The Department of Justice has a huge dilemma on its hands.  If Robert Mueller doesn’t have sufficient evidence to prove a criminal conspiracy between Trump and the Russians, and if he won’t prosecute Trump for obstruction of justice because of his institutionalist adherence to arbitrary DOJ policy precluding the indictment of a sitting U.S. president, and if his anticipated report on collusion to Congress is withheld from the public or whitewashed (which would effectively ruin an attempt by Congress to impeach the president), and if Attorney General William Barr prevents the SDNY from prosecuting the Trump Organization, then it will profoundly undermine the nation’s constitutional foundation asserting that no one is above the law.  That day, should it come, would be an historic tragedy brought to fruition by the very people duty-bound to stop it.

Further reading:  Michael Cohen to Congress: ‘I am not protecting Mr. Trump anymore’

25 thoughts on “My analysis and commentary of Michael Cohen’s public congressional testimony

  1. What would trumpsky do if he lost the reelection bid? Refuse to leave wH?
    From where I sit, unless the oligarchs don’t want trumpsky, he is going nowhere. The corporations call the shots and will continue to do so until money plays a less important role in your elections.


  2. When has the mafia and a mafia infused organization which also infiltrates a political system ever lost?
    And when has the mere common everyday man ever won?
    This is power and corruption at its height.

    Liked by 1 person

    • The Italian-American mafia, which rose to prominence during Prohibition and flourished for half a century, has been virtually wiped out through legal actions. Organized crime in the U.S. has been largely taken over by Central American and Russian cartels as well as some white nationalist groups.

      The mafia has also suffered major setbacks in Italy. BTW, my family is Sicilian.

      Liked by 1 person

      • I meant no offense, truly and was not specifying a particular country other than maybe Russia.

        I just meant big crime regardless of country of origin, if it’s well organized and has infiltrated into legal businesses and politics is extremely powerful and rarely loses.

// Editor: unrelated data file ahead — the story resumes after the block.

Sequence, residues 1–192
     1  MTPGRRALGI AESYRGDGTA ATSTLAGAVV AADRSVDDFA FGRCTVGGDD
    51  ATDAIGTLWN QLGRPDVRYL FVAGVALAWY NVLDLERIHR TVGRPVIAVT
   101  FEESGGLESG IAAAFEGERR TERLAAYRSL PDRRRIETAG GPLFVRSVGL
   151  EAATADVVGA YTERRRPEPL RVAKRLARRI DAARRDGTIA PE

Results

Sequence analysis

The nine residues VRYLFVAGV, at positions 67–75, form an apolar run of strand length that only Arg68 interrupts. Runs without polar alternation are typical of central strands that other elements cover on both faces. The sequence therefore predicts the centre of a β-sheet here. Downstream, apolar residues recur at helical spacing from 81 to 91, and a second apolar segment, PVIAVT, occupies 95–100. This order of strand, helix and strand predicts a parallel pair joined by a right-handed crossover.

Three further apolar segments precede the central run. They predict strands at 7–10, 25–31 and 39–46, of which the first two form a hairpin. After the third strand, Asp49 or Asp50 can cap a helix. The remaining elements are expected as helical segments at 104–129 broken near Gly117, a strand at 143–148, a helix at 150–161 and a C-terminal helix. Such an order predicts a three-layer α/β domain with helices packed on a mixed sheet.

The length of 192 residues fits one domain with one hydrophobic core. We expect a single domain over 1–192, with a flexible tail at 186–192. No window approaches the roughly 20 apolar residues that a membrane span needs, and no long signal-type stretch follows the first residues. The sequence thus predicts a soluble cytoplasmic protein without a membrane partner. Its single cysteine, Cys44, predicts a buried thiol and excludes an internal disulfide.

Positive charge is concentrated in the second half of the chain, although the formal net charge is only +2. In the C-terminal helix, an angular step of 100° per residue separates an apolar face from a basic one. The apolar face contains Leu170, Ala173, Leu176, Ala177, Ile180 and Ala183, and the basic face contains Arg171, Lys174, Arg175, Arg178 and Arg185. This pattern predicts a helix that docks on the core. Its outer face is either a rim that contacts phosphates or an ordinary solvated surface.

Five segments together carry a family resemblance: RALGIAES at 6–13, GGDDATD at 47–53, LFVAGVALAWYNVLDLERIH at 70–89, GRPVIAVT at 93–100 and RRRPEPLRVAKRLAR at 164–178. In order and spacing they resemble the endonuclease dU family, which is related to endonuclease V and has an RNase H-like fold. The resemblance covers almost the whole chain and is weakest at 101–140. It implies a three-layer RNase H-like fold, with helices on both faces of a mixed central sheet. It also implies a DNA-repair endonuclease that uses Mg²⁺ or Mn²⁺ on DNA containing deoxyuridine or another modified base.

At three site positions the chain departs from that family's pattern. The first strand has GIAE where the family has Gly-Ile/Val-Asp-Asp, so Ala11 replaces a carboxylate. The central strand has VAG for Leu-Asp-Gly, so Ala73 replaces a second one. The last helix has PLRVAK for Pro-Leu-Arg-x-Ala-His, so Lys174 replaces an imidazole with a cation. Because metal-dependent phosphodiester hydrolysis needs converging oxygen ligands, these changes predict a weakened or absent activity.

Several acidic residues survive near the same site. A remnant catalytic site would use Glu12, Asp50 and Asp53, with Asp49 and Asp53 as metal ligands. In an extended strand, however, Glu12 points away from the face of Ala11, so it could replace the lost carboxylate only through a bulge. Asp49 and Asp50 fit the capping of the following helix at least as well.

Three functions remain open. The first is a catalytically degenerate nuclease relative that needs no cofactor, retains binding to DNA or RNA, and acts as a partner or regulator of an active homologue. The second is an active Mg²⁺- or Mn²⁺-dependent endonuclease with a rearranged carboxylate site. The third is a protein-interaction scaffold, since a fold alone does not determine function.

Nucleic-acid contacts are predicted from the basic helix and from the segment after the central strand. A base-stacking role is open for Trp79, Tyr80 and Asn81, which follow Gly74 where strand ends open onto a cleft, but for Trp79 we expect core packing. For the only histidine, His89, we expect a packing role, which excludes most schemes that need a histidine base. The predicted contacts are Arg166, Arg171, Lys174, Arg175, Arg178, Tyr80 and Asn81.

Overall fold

Liked by 1 person

        • I agree but it seems this Russian and perhaps South American organization is just getting started. One corrupt group dies out and another waits in the wings and the common man is always the loser…some more than others, of course.

          Liked by 1 person

        • Well, that’s the reality of our human nature. It’s why we must strive to be aware and vigilant. It’s also why we must have government and law enforcement to restrain our baser instincts. This is our existence, like it or not.

          Liked by 1 person

  3. Excellent post. Stressful, scary times are ahead. I agree with Cohen. Even if Trump loses in 2020, and there is an excellent chance he will not, I completely believe he will NOT leave the office willingly. This is going to get really ugly, and we’re going to see the Supreme Court, with its Trumpian puppets on it, support deeply unconstitutional actions in the next few years. Hopefully, I’m very wrong, but after watching republicans defend Trump yesterday, I’m not so certain I am.

    Liked by 1 person

    • Thanks, Jeff. I guess I’m more sanguine about this situation than you and others. I focus on the nuts-and-bolts of government and law and really couldn’t care less about political rhetoric and the raw sentiment of Trump supporters. I do not see a Trump victory in 2020 for the same reasons I didn’t see a GOP victory in 2018.

      However, we are in a crisis. There’s no doubt about that. In my closing commentary, I pointed to the DOJ as the decisive factor. Either it will take any one of several actions to protect the constitution and rule of law from Trump’s criminality, or it will succumb to it. When push comes to shove, the DOJ will want to protect its own integrity; but, time will tell.

      Liked by 2 people

    • Sure. I watched all of the hearing and enjoyed it very much. Perhaps I see things differently than most people. To me, Republican attempts to discredit Cohen while completely ignoring the substance of his testimony only revealed their futility. They just couldn’t refute the documentary evidence he provided.

      Liked by 2 people

  4. As my recent post indicated, we were without power until last night. However, I did catch a fair amount of what was said via MSNBC and CNN. It sounded like Cohen made a fairly decent case against the orange-haired monster. Of course, time will tell.

    Your analysis was very good and filled in what the news media didn’t.

    I offer no predictions. This whole state of affairs has gone opposite of what I hoped/thought more than once.

    Liked by 3 people